Last weekend, U.S. Sen. Martin Heinrich and his wife Julie pulled up to an Albuquerque trailhead and were greeted by a group of eager supporters with hiking poles and hydration packs at the ready. Almost immediately, Heinrich became an impromptu trail guide, educating his constituents on the different native plants along the trail and which animals use them as food sources. At least twice, unsuspecting hikers recognized the affable sportsman who has worked in Washington, D.C. since 2009. One family hiking towards the top of the trail passed the Heinrich entourage on its way back to the trail head. As the two groups converged, one woman looked at Heinrich and asked, “Is it really you?
ByRebecca Moss, Santa Fe New Mexican and ProPublica |
New Mexico’s senators are asking Congress to block a Department of Energy order that would limit a federal board’s access to information about nuclear facilities and could hinder its ability to oversee worker health and safety. In a letter sent Wednesday to the leaders of a Senate appropriations subcommittee, Democratic Sens. Martin Heinrich and Tom Udall also asked their colleagues to block impending staff cuts and a broad reorganization at the Defense Nuclear Facilities Safety Board. New Mexico is home to three of the 14 nuclear facilities under the board’s jurisdiction: Los Alamos National Laboratory, Sandia National Laboratories and the Waste Isolation Pilot Plant. “We feel strongly that these two matters facing the [safety board] and its future must be suspended while Congress and the public have time to review and offer constructive feedback” on how to maintain and improve the board, the senators wrote to Sens.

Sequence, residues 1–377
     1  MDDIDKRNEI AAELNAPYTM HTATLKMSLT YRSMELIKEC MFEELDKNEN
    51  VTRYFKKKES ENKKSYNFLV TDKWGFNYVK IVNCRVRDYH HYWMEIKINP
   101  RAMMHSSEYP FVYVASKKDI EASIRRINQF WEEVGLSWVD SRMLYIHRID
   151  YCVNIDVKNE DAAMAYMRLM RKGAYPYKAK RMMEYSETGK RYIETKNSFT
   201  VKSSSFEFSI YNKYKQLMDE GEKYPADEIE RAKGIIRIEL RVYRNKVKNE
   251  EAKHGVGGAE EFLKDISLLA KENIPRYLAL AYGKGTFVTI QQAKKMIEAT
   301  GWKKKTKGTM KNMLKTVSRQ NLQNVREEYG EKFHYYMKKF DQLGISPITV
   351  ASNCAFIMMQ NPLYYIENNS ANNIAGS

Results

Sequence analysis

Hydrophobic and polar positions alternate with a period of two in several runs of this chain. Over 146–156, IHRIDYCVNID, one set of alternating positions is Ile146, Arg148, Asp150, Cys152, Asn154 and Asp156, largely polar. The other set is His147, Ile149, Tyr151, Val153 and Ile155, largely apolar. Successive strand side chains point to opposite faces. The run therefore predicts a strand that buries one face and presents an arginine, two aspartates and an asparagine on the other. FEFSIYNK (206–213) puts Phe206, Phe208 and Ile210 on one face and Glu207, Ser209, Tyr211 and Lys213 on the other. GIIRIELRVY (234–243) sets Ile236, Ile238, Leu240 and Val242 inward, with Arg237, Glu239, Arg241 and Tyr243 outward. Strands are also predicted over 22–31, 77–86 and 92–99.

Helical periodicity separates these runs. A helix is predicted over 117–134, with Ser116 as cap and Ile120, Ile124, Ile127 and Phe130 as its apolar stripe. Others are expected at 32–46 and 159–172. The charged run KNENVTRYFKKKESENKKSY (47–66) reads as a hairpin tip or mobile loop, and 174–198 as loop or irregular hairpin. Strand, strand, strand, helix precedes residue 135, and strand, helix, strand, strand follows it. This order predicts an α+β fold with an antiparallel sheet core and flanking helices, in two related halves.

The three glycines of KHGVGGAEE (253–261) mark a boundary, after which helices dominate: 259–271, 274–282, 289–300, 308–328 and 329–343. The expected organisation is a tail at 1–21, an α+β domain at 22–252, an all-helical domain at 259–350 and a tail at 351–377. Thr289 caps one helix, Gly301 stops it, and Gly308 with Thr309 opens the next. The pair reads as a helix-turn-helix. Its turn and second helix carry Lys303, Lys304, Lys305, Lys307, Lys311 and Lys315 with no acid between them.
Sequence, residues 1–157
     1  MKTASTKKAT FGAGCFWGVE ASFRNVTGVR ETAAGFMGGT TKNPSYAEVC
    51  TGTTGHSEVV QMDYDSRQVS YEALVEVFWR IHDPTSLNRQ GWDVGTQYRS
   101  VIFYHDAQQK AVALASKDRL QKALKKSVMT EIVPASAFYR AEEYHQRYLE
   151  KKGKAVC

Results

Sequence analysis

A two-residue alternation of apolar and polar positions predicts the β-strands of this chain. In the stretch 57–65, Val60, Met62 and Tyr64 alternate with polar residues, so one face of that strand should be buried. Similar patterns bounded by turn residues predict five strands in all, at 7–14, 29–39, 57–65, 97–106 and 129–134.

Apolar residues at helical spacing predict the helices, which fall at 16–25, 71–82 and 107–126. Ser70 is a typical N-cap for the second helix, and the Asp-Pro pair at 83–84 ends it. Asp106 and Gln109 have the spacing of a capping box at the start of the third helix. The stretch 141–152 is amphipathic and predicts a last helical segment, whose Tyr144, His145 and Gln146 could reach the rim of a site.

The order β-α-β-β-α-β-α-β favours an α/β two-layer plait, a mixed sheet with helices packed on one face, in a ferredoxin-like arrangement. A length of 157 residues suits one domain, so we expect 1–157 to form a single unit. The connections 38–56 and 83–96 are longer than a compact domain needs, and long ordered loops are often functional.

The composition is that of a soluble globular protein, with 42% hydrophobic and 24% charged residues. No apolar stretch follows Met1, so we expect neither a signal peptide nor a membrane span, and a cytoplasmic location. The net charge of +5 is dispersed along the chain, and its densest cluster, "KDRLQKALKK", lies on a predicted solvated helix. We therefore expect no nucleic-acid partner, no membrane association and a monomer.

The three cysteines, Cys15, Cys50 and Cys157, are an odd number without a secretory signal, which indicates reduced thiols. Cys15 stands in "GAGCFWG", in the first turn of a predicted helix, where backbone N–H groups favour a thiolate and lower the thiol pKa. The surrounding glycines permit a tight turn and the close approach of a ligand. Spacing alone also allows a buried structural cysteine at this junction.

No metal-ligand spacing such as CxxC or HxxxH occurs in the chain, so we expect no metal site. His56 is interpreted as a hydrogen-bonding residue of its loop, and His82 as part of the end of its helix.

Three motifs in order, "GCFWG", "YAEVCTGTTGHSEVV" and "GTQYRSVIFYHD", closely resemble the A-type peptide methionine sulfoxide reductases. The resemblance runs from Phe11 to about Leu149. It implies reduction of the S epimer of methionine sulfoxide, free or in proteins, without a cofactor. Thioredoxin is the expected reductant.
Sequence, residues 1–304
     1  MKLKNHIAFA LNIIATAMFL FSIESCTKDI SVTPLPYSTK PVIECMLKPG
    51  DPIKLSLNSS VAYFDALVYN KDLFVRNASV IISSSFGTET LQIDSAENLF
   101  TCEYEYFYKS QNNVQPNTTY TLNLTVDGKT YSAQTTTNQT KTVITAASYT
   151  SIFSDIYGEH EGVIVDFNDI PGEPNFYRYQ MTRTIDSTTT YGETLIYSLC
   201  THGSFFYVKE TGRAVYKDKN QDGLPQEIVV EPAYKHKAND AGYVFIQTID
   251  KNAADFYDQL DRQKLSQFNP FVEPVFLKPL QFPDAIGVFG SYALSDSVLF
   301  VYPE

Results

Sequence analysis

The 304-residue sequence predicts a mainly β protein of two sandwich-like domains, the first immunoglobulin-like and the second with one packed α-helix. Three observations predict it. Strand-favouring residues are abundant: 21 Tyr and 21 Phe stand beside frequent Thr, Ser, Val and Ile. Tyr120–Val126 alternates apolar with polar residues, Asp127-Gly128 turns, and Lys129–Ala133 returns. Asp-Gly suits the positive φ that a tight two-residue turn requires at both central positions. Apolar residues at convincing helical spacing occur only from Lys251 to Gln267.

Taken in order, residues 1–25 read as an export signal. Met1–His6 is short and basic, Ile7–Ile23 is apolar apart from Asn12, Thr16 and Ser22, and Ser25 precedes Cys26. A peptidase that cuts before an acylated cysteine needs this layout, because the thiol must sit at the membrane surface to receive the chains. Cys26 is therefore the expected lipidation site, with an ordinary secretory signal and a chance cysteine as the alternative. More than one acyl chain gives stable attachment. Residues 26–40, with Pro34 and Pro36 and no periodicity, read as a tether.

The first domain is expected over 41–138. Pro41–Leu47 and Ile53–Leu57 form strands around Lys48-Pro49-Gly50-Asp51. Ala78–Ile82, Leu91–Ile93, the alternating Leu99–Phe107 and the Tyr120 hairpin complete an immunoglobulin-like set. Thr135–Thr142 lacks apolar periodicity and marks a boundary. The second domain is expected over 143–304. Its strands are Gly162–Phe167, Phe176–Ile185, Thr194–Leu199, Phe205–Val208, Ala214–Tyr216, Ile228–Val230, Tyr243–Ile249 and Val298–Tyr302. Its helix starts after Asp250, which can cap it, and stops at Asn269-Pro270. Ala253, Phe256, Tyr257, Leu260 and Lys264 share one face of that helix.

Editor’s note: This week, NM Political Report will publish Q&As with candidates for U.S. House, U.S. Senate and governor about their policy platforms regarding a range of topics, including abortion, contraception, LGBTQ issues and domestic violence. For links to all of our stories, see here.
The following is from a Q&A with Martin Heinrich, the Democratic nominee for U.S. Senate and incumbent. NMPR: If re-elected, how will your beliefs about the separation between government and religion guide your work in the U.S. Senate? Martin Heinrich: I think what you can expect is for my votes and positions that I take in the Senate to be very consistent with the way I’ve voted in the past. I think I’ve got a good body of evidence over time that says I respect people to make their own decisions in their personal lives, and that it’s not the role of government to become intricately involved in those decisions.